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Contemporary drawing of Cycloped
The Rainhill Trials
Brandreth was one of the directors of the railway and some people believed that that gave the Cycloped an unfair advantage. But the Cycloped was a primitive idea and because of its failure to generate enough speed to equal its competitors—Burstall's Perseverance, Braithwaite's Novelty, Hackworth's Sans Pareil and Stephenson's Rocket—the Cycloped ultimately lost the competition in the trials. Stephenson's Rocket eventually won the trials, maintaining an average speed of 13.8 mph (22.2 km/h) for a modest consumption of coal and water.
Horses had been used to pull wagons on coal and mineral tramways and plateways for some years before this. Many of these tramways and plateways were arranged so that the line ran downhill from the mine to a river or coastal port. Loaded trains would descend under the power of gravity, with horses used to haul the empty trains back uphill.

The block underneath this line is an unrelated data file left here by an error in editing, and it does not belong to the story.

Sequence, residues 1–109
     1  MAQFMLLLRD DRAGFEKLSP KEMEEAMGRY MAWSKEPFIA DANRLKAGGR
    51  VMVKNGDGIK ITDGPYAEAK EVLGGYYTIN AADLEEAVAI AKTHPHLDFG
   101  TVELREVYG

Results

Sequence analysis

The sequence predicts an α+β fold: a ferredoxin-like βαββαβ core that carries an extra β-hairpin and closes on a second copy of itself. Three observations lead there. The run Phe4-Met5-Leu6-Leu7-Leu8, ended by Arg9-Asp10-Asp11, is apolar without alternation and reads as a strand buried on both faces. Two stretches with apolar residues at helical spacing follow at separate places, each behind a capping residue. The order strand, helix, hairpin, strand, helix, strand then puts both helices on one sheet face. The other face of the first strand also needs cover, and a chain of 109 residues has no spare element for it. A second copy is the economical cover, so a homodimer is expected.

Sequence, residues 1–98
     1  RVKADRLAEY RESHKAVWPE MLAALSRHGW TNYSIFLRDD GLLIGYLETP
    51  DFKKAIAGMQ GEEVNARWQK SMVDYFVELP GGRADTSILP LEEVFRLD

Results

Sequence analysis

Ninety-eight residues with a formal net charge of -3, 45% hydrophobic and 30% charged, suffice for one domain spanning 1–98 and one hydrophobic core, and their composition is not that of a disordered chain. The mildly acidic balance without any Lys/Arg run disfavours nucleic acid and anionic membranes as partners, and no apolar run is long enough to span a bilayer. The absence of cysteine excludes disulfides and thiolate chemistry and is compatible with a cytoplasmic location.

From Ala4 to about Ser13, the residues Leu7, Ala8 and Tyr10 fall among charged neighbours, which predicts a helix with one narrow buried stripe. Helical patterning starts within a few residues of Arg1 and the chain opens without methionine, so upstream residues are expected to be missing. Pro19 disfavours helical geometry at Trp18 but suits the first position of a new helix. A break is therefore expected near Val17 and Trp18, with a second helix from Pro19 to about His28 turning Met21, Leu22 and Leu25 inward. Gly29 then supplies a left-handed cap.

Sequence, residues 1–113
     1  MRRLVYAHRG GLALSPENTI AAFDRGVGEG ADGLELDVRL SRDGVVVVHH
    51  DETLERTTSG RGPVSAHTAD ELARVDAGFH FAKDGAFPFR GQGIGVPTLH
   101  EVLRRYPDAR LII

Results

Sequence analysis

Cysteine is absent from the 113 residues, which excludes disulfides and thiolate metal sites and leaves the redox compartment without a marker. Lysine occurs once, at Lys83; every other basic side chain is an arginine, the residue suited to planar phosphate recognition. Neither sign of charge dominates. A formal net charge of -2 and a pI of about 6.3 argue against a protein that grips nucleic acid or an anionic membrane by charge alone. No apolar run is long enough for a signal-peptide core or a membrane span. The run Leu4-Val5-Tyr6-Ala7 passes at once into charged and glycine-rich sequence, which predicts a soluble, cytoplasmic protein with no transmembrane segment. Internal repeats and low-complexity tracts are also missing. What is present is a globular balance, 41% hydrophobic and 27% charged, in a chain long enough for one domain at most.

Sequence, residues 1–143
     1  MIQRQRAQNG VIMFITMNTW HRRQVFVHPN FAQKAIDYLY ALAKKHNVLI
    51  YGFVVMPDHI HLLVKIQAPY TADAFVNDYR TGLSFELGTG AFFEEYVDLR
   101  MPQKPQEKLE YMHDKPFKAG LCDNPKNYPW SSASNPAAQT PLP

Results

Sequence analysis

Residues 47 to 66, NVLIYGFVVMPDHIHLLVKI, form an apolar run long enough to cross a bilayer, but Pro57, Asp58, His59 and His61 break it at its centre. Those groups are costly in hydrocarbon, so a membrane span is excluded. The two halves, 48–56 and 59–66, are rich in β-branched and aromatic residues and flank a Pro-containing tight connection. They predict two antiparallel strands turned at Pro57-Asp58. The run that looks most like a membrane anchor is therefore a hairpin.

Early examples with just one or two wagons together were pulled downhill by the horse, the horse also acting as brakes. Once improved mechanical brakes were available, longer trains of wagons could be controlled during their descent. The horses were carried downhill in a special 'dandy wagon', usually attached to the end of the run of loaded wagons. These dandy wagons were simple unpowered wagons, often with no more adaption for horses than special doors to load and unload the animals.
Other horse locomotives
Horse locomotives were only used for a brief period between the development of passenger-carrying public railways and the provision of viable steam locomotives. Only one other is recorded, the Flying Dutchman of the South Carolina Canal and Railroad Company.